Wherever it may begin, cancer often spreads to other organs and parts of the body through a process called metastasis, which, if left unchecked, can be fatal. A new paper, from scientists at the Spanish National Cancer Research Center (CNIO) and Weill Cornell Medicine, is looking at the current state of metastasis research, to help scientists cripple cancer's ability to spread throughout the body.
Cancer wouldn't be nearly as crafty a foe if it stayed put, but even if doctors are able to kill the primary tumor, others can turn up in different parts of the body thanks to metastasis. Past breakthroughs in that area include identifying a key protein responsible for cancer cells' ability to travel, and a pair of proteins that help protect those cells on their journey.
While scientists don't fully understand the process, it is known that before cancer cells spread to the new site, the tumors will begin to put in some ground work to help them survive and grow there. That takes the form of fluids and abnormal cells secreted by the primary tumor, to begin altering the new site to allow the cancer cells to take hold and thrive there – essentially, laying a foundation for itself. Those foundations are called "pre-metastatic niches," and being able to identify these areas in advance could help doctors get a head start to stop cancer's spread and improve the survival rates of patients.
"Emerging evidence from our laboratory and others identified pre-metastatic niches in patients with various cancers," says David Lyden, an author of the paper. "This is a paradigm shift in our understanding of metastasis that will be the cornerstone for developing strategies for the preventive treatment of metastasis, rather than treating metastasis after the fact."
The paper points out three main processes that take place in an organ before cancer cells metastasize there, all of which could be used as markers to indicate when and where tumors will spread. Inflammation, which indicates that the immune cells have been infiltrated; leaky blood vessels; and signs that the organ is beginning to be "remodeled," are all possible signs that emerging imaging techniques could search for.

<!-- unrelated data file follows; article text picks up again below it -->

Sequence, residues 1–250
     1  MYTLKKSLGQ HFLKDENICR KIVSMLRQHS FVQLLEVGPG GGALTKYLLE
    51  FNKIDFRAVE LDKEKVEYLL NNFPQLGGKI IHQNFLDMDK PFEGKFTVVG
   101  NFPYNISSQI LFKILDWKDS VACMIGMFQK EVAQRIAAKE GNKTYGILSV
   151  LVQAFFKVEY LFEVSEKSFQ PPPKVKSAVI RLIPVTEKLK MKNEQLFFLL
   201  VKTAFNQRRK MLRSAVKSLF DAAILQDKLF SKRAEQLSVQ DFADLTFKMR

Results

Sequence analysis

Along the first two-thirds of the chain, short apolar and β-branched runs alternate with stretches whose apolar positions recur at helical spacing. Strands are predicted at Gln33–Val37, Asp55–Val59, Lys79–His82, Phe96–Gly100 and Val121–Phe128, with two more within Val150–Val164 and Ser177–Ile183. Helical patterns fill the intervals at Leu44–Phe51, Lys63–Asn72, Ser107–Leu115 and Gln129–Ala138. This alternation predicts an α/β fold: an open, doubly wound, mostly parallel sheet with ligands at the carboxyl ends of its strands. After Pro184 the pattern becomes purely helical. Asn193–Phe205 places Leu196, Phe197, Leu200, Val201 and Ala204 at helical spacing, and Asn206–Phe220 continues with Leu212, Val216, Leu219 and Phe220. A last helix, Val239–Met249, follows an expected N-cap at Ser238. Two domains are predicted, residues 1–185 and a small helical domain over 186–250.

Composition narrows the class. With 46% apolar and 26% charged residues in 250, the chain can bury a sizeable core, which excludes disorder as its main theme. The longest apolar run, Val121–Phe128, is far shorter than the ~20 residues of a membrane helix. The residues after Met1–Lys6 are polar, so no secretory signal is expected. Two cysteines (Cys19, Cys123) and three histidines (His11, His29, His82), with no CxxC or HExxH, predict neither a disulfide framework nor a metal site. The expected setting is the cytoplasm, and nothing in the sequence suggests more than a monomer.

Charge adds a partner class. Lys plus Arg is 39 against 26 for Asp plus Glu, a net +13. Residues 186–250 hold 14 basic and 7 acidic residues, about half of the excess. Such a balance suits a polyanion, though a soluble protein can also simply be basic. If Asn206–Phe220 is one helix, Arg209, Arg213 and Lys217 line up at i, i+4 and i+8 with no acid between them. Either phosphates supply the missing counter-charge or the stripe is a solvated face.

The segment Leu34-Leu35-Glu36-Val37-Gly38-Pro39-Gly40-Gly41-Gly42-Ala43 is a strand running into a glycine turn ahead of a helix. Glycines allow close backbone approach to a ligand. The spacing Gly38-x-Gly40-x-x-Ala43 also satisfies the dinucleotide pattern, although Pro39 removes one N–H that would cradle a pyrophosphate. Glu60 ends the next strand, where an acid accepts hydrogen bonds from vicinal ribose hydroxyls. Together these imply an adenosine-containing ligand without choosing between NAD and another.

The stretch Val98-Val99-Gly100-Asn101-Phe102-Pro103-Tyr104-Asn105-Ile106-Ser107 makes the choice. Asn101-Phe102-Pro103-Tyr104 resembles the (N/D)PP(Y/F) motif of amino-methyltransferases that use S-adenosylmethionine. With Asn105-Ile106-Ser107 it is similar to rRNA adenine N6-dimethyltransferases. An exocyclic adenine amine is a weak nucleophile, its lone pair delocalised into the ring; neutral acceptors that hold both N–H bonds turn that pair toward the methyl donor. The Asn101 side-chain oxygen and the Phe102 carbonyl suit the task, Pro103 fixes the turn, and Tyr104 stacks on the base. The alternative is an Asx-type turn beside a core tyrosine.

"A better understanding of the biology underlying the inflammation and blood vessel dysfunction in pre-metastatic niches will allow us to identify therapies to block metastatic progression," says Haiying Zhang, co-author of the paper.
Knowing is half the battle, but what can we do about it then? The paper outlines several methods on blocking metastasis that are currently being explored, including disrupting the primary tumor's signals, inducing a dormant state in the pre-metastatic niches, or finding ways to restart the immune response at the new site to fight off the invading cancer cells before they take hold.
The paper concludes that targeting cancer at pre-metastatic niches is a technique with plenty of potential, but there's still a lot of work to do in the field in order to translate the concept "from bench to bedside."
"The more we move forward in the early detection of metastasis, the higher the survival rates will be," says Héctor Peinado, an author of the paper. "If we can predict that a tumor is going to metastasize and detect where, and we can stop it in that time window, it will be easier to treat cancer."
The paper was published in the journal Nature Reviews.
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